Q1 Rebound Stretches Valuations…Again
Last quarter we stated that not every bear market is a crisis and that they certainly create opportunities. We did not expect the opportunity of the 20% December decline to be so widely recognized so quickly. Now we find ourselves back at the lofty valuations we experienced in September, with one considerable difference.
Last September, as the S&P 500 reached its last all-time high on the 20th, the economy was humming, corporate earnings were strong and the Federal Reserve was hawkish (inclined to raise interest rates). The market began its sell-off, culminating in a sizable move down on Christmas Eve. Suddenly the market was concerned about a slowing economy and no growth in corporate profits. Then the Fed blinked.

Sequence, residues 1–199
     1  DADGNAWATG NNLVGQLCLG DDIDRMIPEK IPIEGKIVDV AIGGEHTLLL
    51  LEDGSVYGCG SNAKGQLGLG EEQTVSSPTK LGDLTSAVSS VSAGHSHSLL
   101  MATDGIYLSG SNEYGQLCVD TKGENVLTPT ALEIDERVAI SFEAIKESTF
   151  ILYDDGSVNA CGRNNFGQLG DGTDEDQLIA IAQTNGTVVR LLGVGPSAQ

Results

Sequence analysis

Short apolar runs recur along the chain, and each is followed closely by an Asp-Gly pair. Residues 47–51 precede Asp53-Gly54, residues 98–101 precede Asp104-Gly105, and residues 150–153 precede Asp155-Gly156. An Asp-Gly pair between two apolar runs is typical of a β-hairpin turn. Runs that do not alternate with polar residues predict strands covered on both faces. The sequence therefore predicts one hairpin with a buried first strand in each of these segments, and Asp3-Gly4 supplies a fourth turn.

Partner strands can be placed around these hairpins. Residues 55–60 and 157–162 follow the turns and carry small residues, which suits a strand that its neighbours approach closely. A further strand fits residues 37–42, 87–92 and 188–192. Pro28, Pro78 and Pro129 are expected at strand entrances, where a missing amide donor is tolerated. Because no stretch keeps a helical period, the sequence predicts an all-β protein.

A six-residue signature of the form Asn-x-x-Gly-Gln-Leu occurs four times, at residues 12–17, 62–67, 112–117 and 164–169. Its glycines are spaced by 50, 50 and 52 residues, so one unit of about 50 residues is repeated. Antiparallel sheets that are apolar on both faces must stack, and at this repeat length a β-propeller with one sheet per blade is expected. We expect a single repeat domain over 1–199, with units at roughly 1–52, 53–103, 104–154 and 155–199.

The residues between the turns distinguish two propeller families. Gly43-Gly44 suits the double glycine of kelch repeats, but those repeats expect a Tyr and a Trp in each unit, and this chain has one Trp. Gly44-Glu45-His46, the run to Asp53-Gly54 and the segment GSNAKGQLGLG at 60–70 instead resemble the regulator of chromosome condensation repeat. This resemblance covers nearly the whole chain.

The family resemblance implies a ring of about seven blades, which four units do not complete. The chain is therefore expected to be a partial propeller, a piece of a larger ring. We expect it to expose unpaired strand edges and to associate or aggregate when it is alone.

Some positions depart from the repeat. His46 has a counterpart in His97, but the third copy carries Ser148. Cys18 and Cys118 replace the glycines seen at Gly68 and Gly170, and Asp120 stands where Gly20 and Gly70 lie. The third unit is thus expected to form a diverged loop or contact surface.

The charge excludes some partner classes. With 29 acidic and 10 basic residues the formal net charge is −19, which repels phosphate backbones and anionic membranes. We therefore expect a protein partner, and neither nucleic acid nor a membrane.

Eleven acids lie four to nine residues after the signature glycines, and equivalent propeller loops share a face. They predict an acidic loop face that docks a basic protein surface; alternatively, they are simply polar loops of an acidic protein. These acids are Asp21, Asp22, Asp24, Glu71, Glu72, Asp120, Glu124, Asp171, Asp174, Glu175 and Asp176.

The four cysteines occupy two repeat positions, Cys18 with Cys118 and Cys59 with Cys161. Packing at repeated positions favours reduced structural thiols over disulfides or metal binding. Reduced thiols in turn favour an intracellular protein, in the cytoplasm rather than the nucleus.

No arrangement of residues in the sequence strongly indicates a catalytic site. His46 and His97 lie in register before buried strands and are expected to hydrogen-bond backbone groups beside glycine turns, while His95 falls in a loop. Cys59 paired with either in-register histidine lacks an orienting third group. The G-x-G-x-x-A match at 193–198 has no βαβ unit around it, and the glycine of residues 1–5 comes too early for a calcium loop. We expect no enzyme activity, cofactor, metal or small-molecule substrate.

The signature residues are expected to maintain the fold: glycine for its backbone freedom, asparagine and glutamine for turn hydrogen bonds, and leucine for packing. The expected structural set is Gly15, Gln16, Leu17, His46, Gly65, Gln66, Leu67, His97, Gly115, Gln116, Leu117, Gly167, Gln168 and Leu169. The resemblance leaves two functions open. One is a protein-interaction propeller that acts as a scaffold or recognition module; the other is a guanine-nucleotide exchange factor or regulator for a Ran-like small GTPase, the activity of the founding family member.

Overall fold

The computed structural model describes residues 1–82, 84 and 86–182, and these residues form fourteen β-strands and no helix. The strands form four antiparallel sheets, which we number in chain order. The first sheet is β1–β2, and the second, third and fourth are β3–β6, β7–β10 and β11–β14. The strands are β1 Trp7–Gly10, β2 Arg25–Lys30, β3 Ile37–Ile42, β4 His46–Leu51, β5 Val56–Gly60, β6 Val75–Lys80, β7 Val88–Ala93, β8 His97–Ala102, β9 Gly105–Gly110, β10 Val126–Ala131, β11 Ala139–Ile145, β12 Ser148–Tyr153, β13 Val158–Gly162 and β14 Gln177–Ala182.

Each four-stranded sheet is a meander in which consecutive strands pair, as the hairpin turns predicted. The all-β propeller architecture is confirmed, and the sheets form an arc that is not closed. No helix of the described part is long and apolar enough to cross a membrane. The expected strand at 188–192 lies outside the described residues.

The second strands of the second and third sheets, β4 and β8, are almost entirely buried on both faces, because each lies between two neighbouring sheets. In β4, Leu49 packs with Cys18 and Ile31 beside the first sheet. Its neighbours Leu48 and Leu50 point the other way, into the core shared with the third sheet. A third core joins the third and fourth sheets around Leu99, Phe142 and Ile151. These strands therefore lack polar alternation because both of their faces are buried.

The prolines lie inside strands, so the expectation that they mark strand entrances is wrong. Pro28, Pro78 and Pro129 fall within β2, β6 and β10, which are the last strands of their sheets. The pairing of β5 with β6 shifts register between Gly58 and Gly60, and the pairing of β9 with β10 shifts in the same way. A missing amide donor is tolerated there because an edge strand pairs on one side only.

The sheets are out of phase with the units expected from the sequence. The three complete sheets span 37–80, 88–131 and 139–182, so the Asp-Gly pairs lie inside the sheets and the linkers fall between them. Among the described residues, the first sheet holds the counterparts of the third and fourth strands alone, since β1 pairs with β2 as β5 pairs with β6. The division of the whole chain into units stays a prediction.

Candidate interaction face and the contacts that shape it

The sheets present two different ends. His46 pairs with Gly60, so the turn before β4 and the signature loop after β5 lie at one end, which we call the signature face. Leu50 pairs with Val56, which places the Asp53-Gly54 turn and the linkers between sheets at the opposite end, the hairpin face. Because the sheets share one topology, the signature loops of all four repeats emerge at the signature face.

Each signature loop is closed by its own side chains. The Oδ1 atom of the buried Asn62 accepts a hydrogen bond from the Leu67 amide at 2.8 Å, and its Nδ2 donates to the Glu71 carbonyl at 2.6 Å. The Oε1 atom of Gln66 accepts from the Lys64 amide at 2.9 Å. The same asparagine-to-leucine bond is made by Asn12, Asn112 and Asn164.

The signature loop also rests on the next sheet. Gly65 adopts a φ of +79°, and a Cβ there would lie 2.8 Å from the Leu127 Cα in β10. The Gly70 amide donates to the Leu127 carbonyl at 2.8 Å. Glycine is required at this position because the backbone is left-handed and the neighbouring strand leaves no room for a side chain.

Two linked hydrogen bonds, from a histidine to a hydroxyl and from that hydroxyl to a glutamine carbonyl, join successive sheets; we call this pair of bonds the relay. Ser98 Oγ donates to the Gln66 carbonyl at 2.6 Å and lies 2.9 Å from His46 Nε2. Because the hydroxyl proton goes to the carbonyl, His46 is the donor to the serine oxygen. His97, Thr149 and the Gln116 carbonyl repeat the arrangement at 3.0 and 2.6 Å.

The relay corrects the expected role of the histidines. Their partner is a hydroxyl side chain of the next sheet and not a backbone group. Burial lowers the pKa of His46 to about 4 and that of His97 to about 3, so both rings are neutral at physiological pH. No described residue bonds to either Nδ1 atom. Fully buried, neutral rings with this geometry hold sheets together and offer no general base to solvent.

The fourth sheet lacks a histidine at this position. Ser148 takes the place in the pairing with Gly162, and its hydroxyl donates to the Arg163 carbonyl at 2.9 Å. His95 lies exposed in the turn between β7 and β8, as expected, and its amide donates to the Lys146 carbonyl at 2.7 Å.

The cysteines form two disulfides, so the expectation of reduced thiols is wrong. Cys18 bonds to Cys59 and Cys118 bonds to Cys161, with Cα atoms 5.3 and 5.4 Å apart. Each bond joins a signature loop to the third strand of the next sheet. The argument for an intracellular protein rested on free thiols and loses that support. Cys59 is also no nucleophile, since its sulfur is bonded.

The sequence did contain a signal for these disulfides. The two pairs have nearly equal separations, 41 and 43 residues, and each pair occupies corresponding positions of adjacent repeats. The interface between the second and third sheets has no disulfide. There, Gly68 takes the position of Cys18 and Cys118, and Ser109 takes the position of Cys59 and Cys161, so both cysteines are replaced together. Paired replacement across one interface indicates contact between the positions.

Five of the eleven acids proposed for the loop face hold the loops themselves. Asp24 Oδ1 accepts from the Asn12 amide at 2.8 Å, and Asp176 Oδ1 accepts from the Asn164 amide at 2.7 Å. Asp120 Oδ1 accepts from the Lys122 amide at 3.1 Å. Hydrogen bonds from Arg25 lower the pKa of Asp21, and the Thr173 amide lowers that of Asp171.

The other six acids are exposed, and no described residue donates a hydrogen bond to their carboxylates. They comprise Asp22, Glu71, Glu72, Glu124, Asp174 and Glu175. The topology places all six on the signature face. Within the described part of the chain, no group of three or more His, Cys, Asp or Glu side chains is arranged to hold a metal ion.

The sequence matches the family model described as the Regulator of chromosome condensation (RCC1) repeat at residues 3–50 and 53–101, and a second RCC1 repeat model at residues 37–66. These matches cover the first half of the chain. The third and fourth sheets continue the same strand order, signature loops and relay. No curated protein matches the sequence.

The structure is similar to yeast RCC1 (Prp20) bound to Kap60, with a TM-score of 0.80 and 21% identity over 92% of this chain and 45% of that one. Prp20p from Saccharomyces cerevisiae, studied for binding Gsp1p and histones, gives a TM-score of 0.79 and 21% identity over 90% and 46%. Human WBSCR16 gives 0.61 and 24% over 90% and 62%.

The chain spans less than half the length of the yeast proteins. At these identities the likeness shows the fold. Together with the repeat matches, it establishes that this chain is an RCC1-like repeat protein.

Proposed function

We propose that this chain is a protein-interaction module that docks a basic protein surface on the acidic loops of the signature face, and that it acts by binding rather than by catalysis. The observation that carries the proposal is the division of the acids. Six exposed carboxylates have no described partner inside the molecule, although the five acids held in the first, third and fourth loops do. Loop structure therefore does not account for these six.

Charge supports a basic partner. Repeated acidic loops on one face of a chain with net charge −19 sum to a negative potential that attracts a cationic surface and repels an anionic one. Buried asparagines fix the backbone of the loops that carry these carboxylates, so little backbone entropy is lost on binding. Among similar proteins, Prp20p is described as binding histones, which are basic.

And that is what is different today from the last time we were here. The Fed is now perceived to be dovish (inclined at least to no longer raise rates, if not lower them). It would seem obvious that the backdrop was far more appealing in September than it is now. Corporate profit growth could actually be negative this year, and some would argue the yield curve (considered an accurate predictor) has foretold recession. Why have stocks recaptured nearly all of their losses in so short a time?
Like much of this 10-year bull market, fundamentals matter less than Fed policy. If the Fed appears accommodative, the market takes that as an all-clear. And quite frankly, the market is wise to have such a reaction. Every time the market has stumbled, the Fed has made clear its intention to be supportive of conditions conducive to strong stock performance. Fundamentals be damned for now. Reckoning can come later.